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Platelet function inhibitors and platelet function testing in neurointerventional procedures
  1. Chirag D Gandhi1,
  2. Ketan R Bulsara2,
  3. Johanna Fifi3,
  4. Tareq Kass-Hout1,
  5. Ryan A Grant4,
  6. Josser Delgado Almandoz5,
  7. Joey English6,
  8. Philip M Meyers7,
  9. Todd Abruzzo8,
  10. Charles J Prestigiacomo1,
  11. Ciaran James Powers9,
  12. Seon-Kyu Lee10,
  13. Barbara Albani11,
  14. Huy M Do12,
  15. Clifford J Eskey13,
  16. Athos Patsalides14,
  17. Steven Hetts15,
  18. M Shazam Hussain16,
  19. Sameer A Ansari17,
  20. Joshua A Hirsch18,
  21. Michael Kelly19,
  22. Peter Rasmussen20,
  23. William Mack21,
  24. G Lee Pride22,
  25. Michael J Alexander23,
  26. Mahesh V Jayaraman24,
  27. on behalf of the SNIS Standards and Guidelines Committee
  1. 1Rutgers University-New Jersey Medical School, Department of Neurosurgery, Newark, New Jersey, United States
  2. 2Yale University School of Medicine, Department of Neurosurgery, New Haven, Connecticut, United States
  3. 3St. Luke's Roosevelt Hospital Center, Hyman Newman Institute of Neurology and Neurosurgery New York, New York, United States
  4. 4Yale University School of Medicine, Department of Neurosurgery, New Haven, Connecticut, United States
  5. 5Abbott Northwestern Hospital, Department of Interventional Neuroradiology, Minneapolis, Minnesota, United States
  6. 6UCSF, Department of Neurology and Radiology, San Francisco, California, USA
  7. 7Columbia Presbyterian Hospital, Department of Neurointerventional Surgery, New York, New York, United States
  8. 8University of Cincinnati, Department of Neurosurgery, Cincinnati, Ohio, United States
  9. 9Wexner Medical Center, Department of Neurosurgery, Columbus, Ohio, United States
  10. 10The University of Chicago, Department of Radiology, Chicago, Illinois, United States
  11. 11Christiana Care Health Systems, Department of Neurointerventional Surgery, Newark, Delaware, United States
  12. 12Stanford University, Department of Neurosurgery and Radiology, Stanford, California, United States
  13. 13Dartmouth-Hitchcock Medical Center, Department of Radiology, Neurology and Neurosurgery, Lebanon, New Hampshire, United States
  14. 14New York Presbyterian Hospital, Weill Cornell Medical College, Department of Neurological Surgery, New York, New York, United States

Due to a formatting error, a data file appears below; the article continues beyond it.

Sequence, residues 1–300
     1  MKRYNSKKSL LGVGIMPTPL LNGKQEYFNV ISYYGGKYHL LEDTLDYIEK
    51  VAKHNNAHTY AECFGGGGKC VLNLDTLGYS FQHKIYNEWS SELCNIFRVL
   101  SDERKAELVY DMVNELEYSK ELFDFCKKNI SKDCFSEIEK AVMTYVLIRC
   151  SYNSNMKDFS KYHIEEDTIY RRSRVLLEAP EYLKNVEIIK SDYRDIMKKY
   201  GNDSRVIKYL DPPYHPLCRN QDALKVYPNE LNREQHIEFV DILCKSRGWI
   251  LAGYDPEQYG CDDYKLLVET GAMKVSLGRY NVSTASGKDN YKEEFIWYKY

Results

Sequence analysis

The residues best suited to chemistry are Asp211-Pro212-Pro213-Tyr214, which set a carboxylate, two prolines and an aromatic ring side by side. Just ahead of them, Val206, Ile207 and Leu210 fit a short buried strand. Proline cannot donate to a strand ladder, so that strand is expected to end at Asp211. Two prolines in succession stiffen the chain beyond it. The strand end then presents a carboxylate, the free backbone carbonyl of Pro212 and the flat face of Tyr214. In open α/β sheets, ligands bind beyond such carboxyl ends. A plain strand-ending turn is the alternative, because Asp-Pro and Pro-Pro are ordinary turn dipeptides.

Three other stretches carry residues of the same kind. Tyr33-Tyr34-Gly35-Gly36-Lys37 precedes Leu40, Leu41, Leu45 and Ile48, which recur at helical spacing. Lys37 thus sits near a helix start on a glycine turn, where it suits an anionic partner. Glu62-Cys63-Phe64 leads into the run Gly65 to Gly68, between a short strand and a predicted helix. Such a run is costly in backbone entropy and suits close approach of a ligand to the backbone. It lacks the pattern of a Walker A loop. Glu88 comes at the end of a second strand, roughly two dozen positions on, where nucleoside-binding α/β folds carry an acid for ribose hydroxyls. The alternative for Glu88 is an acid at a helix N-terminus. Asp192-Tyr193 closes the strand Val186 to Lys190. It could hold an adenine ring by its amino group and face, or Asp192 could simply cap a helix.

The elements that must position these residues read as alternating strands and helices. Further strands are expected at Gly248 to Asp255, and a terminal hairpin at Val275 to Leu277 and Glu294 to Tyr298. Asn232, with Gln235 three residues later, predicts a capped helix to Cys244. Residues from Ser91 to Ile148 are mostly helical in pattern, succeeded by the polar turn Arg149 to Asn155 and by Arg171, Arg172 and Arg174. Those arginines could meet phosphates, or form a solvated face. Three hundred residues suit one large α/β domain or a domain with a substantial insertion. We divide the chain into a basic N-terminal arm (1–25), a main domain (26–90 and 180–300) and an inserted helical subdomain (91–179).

15. 15WUCSF, Department of Radiology, San Francisco, California, United States
  16. 16Cleveland Clinic, Cleveland Clinic Stroke Program, Cleveland Heights, Ohio, United States
  17. 17Northwestern University, Feinberg School of Medicine, Chicago, Illinois, United States
  18. 18Massachusetts General Hospital, NeuroEndovascular Program, Boston Massachusetts, United States
  19. 19Royal University Hospital, University of Saskatchewan, Department of Neurosurgery, Saskatoon, Saskatchewan, Canada
  20. 20Cleveland Clinic, Neurosurgery Department, Cleveland, Ohio, United States
  21. 21University of Southern California, Department of Neurosurgery, Los Angeles, California, United States
  22. 22UT Southwestern, Department of Neuroradiology, Dallas, Texas, United States
  23. 23Cedars-Sinai Medical Center, Department of Neurosurgery, Los Angeles, California, United States
  24. 24Warren Alpert School of Medical at Brown University, Rhode Island, United States
  1. Correspondence to Chirag D Gandhi, Department of Neurosurgery, Rutgers University-NJ Medical School, Newark, NJ, USA; gandhich@rutgers.edu

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Introduction

Over the past decade there has been a growing use of intracranial stents for the treatment of both ischemic and hemorrhagic cerebrovascular disease, including stents to assist in the remodeling of the neck of aneurysms as well as the use of flow diverting devices for aneurysm treatment. With this increase in stent usage has come a growing need for the neurointerventional (NI) community to understand the pharmacology of medications used for modifying platelet function, as well as the testing methodologies available. Platelet function testing in NI procedures remains controversial. While pre-procedural antiplatelet assays might lead to a reduced rate of thromboembolic complications, little evidence exists to support this as a standard of care practice. Despite the routine use of dual antiplatelet therapy (DAT) with aspirin and a P2Y12 receptor antagonist (such as clopidogrel, prasugrel, or ticagrelor) in most neuroembolization procedures necessitating intraluminal reconstruction devices, thromboembolic complications are still encountered.1–3 Moreover, DAT carries the risk of hemorrhagic complications, with intracerebral hemorrhage (ICH) being the most potentially devastating.4 ,5

Light transmission aggregometry (LTA) is the gold standard to test for platelet reactivity, but it is usually expensive and may not be easily obtainable at many centers. This has led to the development of point-of-care assays, such as the VerifyNow (Accumetrics, San Diego, California, USA), which correlates strongly with LTA and can reliably measure the degree of P2Y12 receptor inhibition.6–9 VerifyNow results are reported in P2Y12 reaction units (PRUs), with a lower PRU value corresponding to a higher level of P2Y12 receptor inhibition and, presumably, a lower probability of platelet aggregation, and a higher PRU value corresponding to a lower level of P2Y12 receptor inhibition and, hence, a higher chance of platelet activation and aggregation.

While aspirin resistance is perhaps less common, clopidogrel resistance may be more challenging as …

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